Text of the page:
What is a mobile website? Why is it so important for my business?
A Responsive website is a website that ‘responds’ to different screen resolutions, devices and device orientations. Today’s technology is so vast that there are so many different screen sizes to accommodate for, inclusive of tablets, phones, laptops, PCs and even TVs. Some of these also need to allow for both landscape and portrait orientation.
Statistics show a very strong increase in mobile traffic, and much higher conversion rates from those that are using their mobile devices.
Due to the number of ways your customers can view your site, you need to ensure it is in an optimal state for them to find your content, or convert to a sale.
Considerations to Make
When browsing the internet from a mobile phone, some sites are nigh upon impossible to use as the navigation is too small, or buttons are hard to click. This can increase the bounce rate on your site and lead to a loss of business.
It is always advised to create a separate mobile site, or use some clever CSS to make your site respond instantly to the screen size – the CSS route is usually the easiest to manage and maintain.
There are many areas to consider when making your site mobile friendly, you will likely need to cut out content that simply does not work well on small screens, cut down that large hierarchical menu to something much smaller, and although you may hate it, consider removing all the text that is not important – it will not affect your SEO as search engines will look at your site in the context of a default screen size.
Responsive vs Mobile Friendly!
Mobile Friendly sites are separate sites, optimised to the mobile market, and can greatly improve your conversion rate, whereas responsive sites generally use the same content but adjust the layout based on the screen size, this will cover more screen resolutions but can be less flexible with mobile-unique content.
There are times where you may prefer to use a separate site rather than be responsive. If you have a lot of content which is needed, you may need to reconsider the design more than simply adjusting it with CSS.
You should also remember that some users like to view the original website still, so allow a way for them to do so – this is possible to do while being responsive, but there are benefits to being seperate such as the ability to display specific content that may help convert better from a mobile.
Either way, a mobile friendly site is a Must Have today.
Why should my website AND emails be mobile friendly?
Around 50% of all emails are opened on a mobile device, that’s the way of the world today, and you should adapt to it. That figure represents half of your potential visitors, and half of your potential sales. Your email needs to be readable everywhere to encourage that 50% to click through (a 10% increase in clickthroughs due to the responsive design), and when they do, they need to be able to use your site!
Who does it well and who doesn’t?
First off, lets look at some sites which are not mobile optimised and why.
Disney – This site is something that a parent may wish to load up on an Ipad for their children to play games or browse the content, yet the menu is so hard to see, and they use Flash content which is not supported on most mobile devices.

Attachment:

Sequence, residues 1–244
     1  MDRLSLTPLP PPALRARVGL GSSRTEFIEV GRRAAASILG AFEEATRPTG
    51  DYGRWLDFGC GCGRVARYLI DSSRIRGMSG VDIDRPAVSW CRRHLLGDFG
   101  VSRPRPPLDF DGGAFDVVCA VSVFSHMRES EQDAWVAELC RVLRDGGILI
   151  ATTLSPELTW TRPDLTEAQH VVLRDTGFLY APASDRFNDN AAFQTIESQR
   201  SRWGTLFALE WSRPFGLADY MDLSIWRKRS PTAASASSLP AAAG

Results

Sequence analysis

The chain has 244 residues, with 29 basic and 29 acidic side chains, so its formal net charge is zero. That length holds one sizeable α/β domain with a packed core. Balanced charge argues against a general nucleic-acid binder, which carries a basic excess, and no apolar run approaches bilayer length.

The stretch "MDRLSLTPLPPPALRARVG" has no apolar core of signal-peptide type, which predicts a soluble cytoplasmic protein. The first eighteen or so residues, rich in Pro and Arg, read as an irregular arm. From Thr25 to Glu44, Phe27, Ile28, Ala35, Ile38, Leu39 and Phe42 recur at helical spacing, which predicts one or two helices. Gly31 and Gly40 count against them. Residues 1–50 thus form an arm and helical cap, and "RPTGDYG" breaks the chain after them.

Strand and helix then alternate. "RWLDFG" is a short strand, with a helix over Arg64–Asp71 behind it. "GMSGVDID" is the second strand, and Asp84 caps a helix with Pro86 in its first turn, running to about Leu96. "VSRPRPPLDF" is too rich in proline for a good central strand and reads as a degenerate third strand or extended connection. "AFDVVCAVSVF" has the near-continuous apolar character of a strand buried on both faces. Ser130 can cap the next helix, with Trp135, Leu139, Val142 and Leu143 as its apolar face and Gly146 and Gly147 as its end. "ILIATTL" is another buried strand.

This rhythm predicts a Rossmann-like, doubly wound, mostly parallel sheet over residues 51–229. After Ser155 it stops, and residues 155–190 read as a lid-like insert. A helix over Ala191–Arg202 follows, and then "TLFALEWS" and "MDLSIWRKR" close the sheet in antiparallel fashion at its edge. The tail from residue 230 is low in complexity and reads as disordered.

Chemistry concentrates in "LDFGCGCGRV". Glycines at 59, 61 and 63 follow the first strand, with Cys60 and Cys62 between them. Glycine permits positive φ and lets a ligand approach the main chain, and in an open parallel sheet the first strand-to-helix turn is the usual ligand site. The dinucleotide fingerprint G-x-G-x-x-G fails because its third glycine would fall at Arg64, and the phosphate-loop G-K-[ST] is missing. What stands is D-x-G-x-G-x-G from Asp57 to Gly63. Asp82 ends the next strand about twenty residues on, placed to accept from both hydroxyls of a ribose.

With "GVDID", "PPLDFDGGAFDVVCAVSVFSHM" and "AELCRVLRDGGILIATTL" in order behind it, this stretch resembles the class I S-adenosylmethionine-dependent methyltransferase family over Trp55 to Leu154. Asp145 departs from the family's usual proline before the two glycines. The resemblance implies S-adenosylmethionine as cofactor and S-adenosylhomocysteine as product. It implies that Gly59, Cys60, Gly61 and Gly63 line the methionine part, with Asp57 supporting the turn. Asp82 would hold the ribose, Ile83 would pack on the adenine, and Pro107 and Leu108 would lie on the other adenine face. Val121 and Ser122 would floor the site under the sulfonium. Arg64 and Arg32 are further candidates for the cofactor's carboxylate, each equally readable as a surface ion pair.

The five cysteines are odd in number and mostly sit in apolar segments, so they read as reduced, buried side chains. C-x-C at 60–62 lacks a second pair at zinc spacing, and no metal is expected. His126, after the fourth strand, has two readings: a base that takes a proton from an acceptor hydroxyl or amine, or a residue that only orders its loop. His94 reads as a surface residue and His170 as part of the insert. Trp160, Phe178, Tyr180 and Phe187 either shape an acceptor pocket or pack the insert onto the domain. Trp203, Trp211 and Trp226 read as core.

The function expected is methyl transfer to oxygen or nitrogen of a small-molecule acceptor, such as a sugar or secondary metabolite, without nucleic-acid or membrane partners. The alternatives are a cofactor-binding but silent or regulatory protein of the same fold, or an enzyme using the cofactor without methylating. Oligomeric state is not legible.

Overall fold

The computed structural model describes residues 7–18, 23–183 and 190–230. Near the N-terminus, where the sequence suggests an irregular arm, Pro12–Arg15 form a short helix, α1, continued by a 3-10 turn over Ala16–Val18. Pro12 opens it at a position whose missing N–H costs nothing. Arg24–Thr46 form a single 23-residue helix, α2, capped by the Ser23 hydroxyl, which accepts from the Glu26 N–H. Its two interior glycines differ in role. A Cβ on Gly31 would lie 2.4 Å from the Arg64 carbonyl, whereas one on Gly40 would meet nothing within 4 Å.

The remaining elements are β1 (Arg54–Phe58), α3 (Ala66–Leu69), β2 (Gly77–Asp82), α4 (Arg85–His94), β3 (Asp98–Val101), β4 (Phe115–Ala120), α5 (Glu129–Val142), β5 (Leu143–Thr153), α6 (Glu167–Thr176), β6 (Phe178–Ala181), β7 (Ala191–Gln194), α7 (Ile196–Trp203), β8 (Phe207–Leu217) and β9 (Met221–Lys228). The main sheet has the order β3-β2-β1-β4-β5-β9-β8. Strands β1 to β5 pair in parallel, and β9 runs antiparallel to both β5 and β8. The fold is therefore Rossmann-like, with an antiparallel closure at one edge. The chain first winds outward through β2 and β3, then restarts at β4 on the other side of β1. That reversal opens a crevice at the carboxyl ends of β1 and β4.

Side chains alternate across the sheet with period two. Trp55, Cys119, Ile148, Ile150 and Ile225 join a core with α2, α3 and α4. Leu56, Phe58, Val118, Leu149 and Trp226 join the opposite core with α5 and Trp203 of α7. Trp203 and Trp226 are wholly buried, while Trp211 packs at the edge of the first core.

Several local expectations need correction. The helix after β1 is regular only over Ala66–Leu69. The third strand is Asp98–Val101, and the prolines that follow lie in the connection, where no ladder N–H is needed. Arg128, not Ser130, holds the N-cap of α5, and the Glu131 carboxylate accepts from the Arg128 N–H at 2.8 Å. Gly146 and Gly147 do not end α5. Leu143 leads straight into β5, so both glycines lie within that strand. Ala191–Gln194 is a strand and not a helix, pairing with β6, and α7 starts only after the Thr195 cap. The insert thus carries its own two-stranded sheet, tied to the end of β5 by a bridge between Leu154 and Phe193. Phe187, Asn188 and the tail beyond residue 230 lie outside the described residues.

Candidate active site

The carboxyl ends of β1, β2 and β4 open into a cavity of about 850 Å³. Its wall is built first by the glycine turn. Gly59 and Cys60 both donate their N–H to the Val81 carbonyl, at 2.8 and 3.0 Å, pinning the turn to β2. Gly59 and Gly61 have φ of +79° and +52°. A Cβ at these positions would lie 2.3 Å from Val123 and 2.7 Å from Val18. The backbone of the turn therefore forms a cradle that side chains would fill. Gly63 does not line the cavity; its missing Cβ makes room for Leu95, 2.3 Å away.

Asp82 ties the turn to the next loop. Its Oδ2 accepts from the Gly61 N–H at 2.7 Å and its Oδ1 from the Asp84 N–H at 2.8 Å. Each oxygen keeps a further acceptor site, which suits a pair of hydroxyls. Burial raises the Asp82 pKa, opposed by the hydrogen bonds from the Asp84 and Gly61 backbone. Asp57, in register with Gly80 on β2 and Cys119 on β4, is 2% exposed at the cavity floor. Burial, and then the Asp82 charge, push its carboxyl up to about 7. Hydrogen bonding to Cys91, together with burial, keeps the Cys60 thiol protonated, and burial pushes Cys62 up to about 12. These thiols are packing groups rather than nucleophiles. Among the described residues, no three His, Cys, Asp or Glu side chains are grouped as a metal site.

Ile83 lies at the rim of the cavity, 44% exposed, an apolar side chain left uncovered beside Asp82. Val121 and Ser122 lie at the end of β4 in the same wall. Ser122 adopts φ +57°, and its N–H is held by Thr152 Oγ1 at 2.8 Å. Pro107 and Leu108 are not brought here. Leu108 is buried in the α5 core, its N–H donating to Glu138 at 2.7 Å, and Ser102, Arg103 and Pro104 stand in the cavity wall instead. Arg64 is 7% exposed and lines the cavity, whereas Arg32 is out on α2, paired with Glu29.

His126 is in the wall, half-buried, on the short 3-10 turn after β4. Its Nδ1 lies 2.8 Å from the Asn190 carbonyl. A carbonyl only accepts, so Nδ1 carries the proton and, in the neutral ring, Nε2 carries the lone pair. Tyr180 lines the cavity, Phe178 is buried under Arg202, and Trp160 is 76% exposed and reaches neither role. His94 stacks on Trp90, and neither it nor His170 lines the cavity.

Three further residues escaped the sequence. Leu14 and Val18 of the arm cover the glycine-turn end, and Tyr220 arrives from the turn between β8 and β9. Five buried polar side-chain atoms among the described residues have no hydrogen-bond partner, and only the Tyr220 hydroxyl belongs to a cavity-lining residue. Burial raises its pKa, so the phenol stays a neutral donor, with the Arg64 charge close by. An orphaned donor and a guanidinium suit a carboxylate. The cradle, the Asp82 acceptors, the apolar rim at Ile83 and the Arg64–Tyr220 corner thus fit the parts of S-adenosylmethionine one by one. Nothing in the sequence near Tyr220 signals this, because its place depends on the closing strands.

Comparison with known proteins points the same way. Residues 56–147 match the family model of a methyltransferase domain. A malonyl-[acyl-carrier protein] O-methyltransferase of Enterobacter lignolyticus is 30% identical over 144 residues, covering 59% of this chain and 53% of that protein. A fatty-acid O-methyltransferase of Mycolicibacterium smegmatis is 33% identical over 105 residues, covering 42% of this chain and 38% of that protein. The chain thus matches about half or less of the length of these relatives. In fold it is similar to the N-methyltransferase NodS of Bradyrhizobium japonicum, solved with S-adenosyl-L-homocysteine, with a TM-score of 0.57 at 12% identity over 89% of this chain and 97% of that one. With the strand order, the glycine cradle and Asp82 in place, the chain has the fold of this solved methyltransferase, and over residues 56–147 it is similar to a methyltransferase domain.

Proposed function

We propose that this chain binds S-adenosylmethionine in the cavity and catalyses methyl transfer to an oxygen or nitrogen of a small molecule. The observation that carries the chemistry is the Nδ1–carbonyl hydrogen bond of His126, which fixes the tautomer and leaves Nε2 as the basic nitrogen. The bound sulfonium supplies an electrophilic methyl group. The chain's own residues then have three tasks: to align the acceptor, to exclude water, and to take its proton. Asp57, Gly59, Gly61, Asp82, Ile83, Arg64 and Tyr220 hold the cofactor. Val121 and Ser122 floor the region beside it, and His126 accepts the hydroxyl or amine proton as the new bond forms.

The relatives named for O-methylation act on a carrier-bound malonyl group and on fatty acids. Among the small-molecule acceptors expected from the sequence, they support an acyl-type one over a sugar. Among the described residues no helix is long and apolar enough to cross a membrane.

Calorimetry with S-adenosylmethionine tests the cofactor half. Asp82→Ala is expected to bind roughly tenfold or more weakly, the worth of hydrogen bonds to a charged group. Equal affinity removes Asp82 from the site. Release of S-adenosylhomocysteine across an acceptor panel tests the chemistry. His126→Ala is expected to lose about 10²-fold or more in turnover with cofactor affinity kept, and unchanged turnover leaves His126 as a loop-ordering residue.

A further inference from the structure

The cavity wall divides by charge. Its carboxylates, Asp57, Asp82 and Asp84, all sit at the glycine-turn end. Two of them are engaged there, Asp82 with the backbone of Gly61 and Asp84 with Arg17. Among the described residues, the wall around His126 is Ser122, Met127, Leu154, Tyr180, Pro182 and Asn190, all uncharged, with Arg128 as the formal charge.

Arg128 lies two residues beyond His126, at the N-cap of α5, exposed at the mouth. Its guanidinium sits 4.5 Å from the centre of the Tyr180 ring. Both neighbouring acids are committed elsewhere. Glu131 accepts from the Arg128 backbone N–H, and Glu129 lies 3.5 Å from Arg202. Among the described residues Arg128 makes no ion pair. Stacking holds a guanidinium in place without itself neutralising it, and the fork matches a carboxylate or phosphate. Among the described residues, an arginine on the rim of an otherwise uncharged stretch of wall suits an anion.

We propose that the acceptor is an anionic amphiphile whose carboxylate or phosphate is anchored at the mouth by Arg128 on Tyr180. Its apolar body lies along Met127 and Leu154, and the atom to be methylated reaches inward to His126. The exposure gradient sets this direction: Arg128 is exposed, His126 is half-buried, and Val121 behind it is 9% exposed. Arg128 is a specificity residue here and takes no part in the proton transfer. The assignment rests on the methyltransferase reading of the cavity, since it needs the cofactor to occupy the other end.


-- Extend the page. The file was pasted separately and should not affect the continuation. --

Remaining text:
Sony – Their website should be showing off their products, yet it looks very hard to use the menu and the text is too small to read without zooming in. They also have an online store which is just as hard to use, and could be losing potential sales.
Now for some people who do it right.
Thorntons – Their site is very simple and geared well towards producing sales, an easy to use search box encourages customers to have a look, as well as a way to browse their products easily. They also have the option to still view the full site if the user wishes to do so.
Samsung – Their menu is very clear and simple at the top, and covers everything you may need from your phone. Their home page includes products details that are easy to click through to as well as still containing adverts. This is what we would expect Sony to have also done.
What Tools Can Help?
There are many ways to test how well your website or emails work on different screen sizes, testing websites can be as easy as just re-sizing your browser, or loading the site on your phone, but there are some tools out there to save you the effort. Responsinator offers a wide range of views of your site for a quick look to see where you may have problems, however this will only work with Responsive designs and not websites which are specific to Mobiles as those tend to be redirected when a mobile device is in use and not based on screen size, in these cases software will be needed or simply using your phone/tablet to look at the site.
In terms of testing emails, Litmus offer a great responsive email testing suite which we use ourselves frequently. It lets you see a live preview of the emails in a desktop and mobile version.
If you are using WordPress then the Cherry Framework is a good HTML/CSS Framework to use.
Sometimes using a pre-built framework can be a better option that building from scratch, as they have already solved a lot of the issues you will come across; however if you want to make your existing site responsive and keep the general feel and layout of it, it may well be easier to handle the issues yourself rather than trying to rebuild your site.